TORONTO - The Toronto Star has launched what its publisher is saying will likely be the biggest restructuring in the newspaper's history by offering voluntary buyouts to employees in all divisions of the company.

John Cruickshank told employees in a memo Tuesday that the broad reworking of the company "will affect every job in every corner of the organization" and could include layoffs.

He also said that Canada's largest circulation daily paper is also exploring the possibility of contracting out some work in both copy editing and pagination work. The plans could expand to include editorial content and other production, he added.

"We must find the best way to operate our business at the lowest possible cost, including contracting out non core functions where there is a sound business case to do so," he wrote in the memo.

"This will involve what is likely to be the biggest restructuring of the Star's workforce in its history."

Cruickshank said the company has already notified the Communications, Energy and Paperworkers union that it could contract out some work. The company would also need to formally notify the union of any layoff plans, according to the collective agreement.

The union issued its own statement saying the Star has told them it plans to contract out as many as 100 union editing jobs. The newspaper has 390 employees in the editorial department.

Another 60 jobs are expected to be cut in advertising and graphics, the union said.

Toronto Star spokesman Bob Hepburn declined to confirm those estimates, citing confidentiality reasons.

He said the severance packages will be offered to both union and non-union members in all departments, and that the company doesn't have a set quota for how many people it hopes will accept the packages.

Union leader Maureen Dawson criticized the Star's decision and said the labour group plans to offer alternatives to the planned outsourcing move.

"Journalism is a collaborative effort, the product of a team of reporters, photographers and editors working in concert to produce the kind of activist agenda that has served Star readers and our community so well for so long," she said.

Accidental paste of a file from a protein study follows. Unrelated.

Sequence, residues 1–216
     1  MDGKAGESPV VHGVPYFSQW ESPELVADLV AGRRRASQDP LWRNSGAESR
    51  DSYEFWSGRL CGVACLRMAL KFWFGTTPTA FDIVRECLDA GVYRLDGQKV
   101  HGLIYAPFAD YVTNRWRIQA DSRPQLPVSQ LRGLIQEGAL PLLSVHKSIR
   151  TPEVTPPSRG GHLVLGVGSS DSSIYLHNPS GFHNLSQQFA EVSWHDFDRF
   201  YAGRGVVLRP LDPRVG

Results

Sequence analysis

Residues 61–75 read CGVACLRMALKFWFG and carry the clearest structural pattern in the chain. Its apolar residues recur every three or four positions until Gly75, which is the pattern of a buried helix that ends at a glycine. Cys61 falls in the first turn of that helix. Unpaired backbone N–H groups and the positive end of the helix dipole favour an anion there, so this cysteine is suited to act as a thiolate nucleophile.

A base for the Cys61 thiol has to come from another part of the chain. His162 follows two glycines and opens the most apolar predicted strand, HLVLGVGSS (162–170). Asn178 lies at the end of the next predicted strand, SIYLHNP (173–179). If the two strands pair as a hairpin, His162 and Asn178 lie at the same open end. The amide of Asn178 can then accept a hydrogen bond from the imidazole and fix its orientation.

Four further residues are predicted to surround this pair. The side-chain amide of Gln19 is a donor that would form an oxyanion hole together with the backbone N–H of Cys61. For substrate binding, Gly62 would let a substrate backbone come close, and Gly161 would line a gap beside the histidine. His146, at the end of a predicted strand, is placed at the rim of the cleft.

"To remove a critical element of that work is to shortchange everyone who depends on it."

The Star employs about 1,300 staff across all its divisions, including its press centre in Vaughan.

Employees will have until Nov. 30 to apply for the buyouts, and the company intends to make its final decisions by Dec. 7.

The newspaper, which celebrated its 117th birthday on Tuesday, has been grappling with industry-wide problems that have worsened with the weaker economy.

The industry has faced tighter profits and lower readership as some subscribers migrated to the Internet for their news and advertisers pulled back how much space they purchased.

"Like all newspapers and media organizations, the Star is facing major challenges because of the Internet and changing readership habits," Hepburn said.

"We're moving to transform the Star into a multiplatform content organization and we want to reduce costs. This is just one of the cost cutting measures that the Star has taken to address the decline in revenues in the last year."

In the second quarter, Torstar Corp. (TSX:TS.B), owner of the Star and one of Canada's largest newspaper publishers, reported a loss of $4.4 million compared with a profit of $36.2 million a year earlier, hurt by a tax charge and lower advertising.

Quarterly revenues fell to $373.7 million, about 6.3 per cent lower than the $398.8 million last year.

Torstar employs about 7,000 workers across all of its operations, which include a variety of daily and community newspapers and the Harlequin books division. The company is scheduled to report its third-quarter results on Wednesday.